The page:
.300 AVG, .360 OBP, and .410 SLG.
That stat line represents what experts and fans alike almost certainly would have predicted for Derek Jeter this current season. Solid numbers, no doubt.
But at this point in his Hall of Fame career, it is obvious we were classifying him as a singles hitter.
As the season hits the 20-game mark, we may be underestimating him.
Jeter seems to be right where we pegged him with a .294 BA and .355 OBP. What’s strange is his hefty .482 SLG.
He has already hit four home runs. It took Jeter until June 13 last season to hit No. 4.
Back to Jeter’s SLG.
Since 2006, when Jeter posted nearly career numbers all around, including a .483 SLG, the number has gradually gone. For the past two seasons he was at a measly .408.
Take away the 2006 season and his highest mark since 2002 was a .471.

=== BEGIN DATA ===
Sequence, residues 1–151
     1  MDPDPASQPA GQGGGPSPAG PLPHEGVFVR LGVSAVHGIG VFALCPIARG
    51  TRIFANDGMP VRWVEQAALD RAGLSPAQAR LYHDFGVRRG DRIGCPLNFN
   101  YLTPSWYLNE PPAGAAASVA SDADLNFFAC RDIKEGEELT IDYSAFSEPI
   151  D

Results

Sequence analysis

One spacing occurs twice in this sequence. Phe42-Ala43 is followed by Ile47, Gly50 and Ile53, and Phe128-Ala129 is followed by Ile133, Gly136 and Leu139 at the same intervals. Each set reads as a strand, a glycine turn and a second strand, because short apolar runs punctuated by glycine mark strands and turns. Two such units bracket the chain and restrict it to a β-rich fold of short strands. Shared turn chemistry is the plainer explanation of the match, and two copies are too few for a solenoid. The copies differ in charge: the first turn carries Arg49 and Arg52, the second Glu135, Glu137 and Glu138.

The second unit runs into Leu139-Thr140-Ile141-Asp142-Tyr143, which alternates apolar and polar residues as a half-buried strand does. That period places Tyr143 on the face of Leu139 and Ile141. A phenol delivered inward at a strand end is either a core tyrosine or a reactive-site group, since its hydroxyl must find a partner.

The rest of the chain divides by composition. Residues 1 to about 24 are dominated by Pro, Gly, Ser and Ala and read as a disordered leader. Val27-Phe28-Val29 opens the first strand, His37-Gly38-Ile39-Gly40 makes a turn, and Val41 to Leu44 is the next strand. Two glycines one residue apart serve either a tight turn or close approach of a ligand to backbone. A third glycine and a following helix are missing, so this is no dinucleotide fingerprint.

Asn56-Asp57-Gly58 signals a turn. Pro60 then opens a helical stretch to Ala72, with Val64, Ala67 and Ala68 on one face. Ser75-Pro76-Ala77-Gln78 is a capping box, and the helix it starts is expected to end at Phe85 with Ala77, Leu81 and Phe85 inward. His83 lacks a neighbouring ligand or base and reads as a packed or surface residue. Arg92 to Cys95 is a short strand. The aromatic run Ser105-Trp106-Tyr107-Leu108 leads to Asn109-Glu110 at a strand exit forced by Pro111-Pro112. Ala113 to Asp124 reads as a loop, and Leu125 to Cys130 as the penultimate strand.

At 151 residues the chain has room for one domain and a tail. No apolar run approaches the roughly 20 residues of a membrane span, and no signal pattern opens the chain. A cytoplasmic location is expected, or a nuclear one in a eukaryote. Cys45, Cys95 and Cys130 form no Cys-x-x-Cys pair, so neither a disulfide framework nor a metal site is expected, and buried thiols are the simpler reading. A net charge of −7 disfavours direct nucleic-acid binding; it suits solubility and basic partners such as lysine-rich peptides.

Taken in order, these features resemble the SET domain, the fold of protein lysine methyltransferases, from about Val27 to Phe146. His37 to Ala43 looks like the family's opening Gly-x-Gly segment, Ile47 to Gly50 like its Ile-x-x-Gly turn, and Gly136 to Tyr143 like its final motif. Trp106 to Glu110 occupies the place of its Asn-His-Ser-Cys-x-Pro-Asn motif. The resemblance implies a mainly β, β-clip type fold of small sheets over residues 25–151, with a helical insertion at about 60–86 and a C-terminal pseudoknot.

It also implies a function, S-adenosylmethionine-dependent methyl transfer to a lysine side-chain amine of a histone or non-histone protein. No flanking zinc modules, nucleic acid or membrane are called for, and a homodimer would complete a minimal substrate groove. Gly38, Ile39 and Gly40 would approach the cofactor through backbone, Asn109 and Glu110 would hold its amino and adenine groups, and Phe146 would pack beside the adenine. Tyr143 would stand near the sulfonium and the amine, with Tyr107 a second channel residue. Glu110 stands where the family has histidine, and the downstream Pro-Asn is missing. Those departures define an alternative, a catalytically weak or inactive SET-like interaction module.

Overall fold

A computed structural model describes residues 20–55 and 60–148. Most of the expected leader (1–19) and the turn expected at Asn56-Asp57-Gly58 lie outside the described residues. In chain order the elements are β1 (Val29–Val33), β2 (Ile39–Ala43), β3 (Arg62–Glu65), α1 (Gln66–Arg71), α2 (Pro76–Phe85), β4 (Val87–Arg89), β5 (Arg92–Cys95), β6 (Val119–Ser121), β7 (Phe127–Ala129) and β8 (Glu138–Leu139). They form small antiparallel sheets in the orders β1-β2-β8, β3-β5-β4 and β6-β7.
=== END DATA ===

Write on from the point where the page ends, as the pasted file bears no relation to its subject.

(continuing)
Jeter turns 35 in June. He is no longer the youngster from the Yankee dynasty of the late 1990s and early 2000s.
Late career power surges are known to happen, but not to 35-year-old shortstops.
Yes, the new Yankee Stadium is playing like Coors Field of the East. This has probably contributed to Jeter’s eruption. He has a monster .600 SLG at home this season. However, his .446 SLG on the road shows he’s swinging with a bit more pop everywhere.
Twenty games into the 2009 season we're seeing some things we never imagined:
- The Toronto Blue Jays have the best record in baseball.
- Zach Greinke has yet to allow a run.
- Derek Jeter is becoming a slugger at the tender age of 35.
I hardly ever make anything of these first few games, as several of the players are still working their way back into player shape. However, unthinkable happenings come about every season.
Maybe, this will one of them.